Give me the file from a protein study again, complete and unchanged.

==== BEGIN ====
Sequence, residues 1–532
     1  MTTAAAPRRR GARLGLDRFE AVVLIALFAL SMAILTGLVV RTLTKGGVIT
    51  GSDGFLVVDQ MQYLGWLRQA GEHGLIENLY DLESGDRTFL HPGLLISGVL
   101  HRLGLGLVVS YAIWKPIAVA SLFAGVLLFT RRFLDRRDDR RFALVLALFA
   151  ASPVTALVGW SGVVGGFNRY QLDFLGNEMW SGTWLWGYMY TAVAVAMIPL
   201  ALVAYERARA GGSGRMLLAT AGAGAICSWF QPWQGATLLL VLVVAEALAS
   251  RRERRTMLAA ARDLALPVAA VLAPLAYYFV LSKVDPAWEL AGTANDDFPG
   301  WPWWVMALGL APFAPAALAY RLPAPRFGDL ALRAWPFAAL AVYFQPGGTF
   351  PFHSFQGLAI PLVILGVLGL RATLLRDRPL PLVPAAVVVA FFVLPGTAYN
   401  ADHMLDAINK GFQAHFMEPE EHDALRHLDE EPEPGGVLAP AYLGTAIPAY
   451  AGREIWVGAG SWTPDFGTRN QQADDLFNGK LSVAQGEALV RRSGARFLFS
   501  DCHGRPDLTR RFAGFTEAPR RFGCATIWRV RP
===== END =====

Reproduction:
Sequence, residues 1–532
     1  MTTAAAPRRR GARLGLDRFE AVVLIALFAL SMAILTGLVV RTLTKGGVIT
    51  GSDGFLVVDQ MQYLGWLRQA GEHGLIENLY DLESGDRTFL HPGLLISGVL
   101  HRLGLGLVVS YAIWKPIAVA SLFAGVLLFT RRFLDRRDDR RFALVLALFA
   151  ASPVTALVGW SGVVGGFNRY QLDFLGNEMW SGTWLWGYMY TAVAVAMIPL
   201  ALVAYERARA GGSGRMLLAT AGAGAICSWF QPWQGATLLL VLVVAEALAS
   251  RRERRTMLAA ARDLALPVAA VLAPLAYYFV LSKVDPAWEL AGTANDDFPG
   301  WPWWVMALGL APFAPAALAY RLPAPRFGDL ALRAWPFAAL AVYFQPGGTF
   351  PFHSFQGLAI PLVILGVLGL RATLLRDRPL PLVPAAVVVA FFVLPGTAYN
   401  ADHMLDAINK GFQAHFMEPE EHDALRHLDE EPEPGGVLAP AYLGTAIPAY
   451  AGREIWVGAG SWTPDFGTRN QQADDLFNGK LSVAQGEALV RRSGARFLFS
   501  DCHGRPDLTR RFAGFTEAPR RFGCATIWRV RP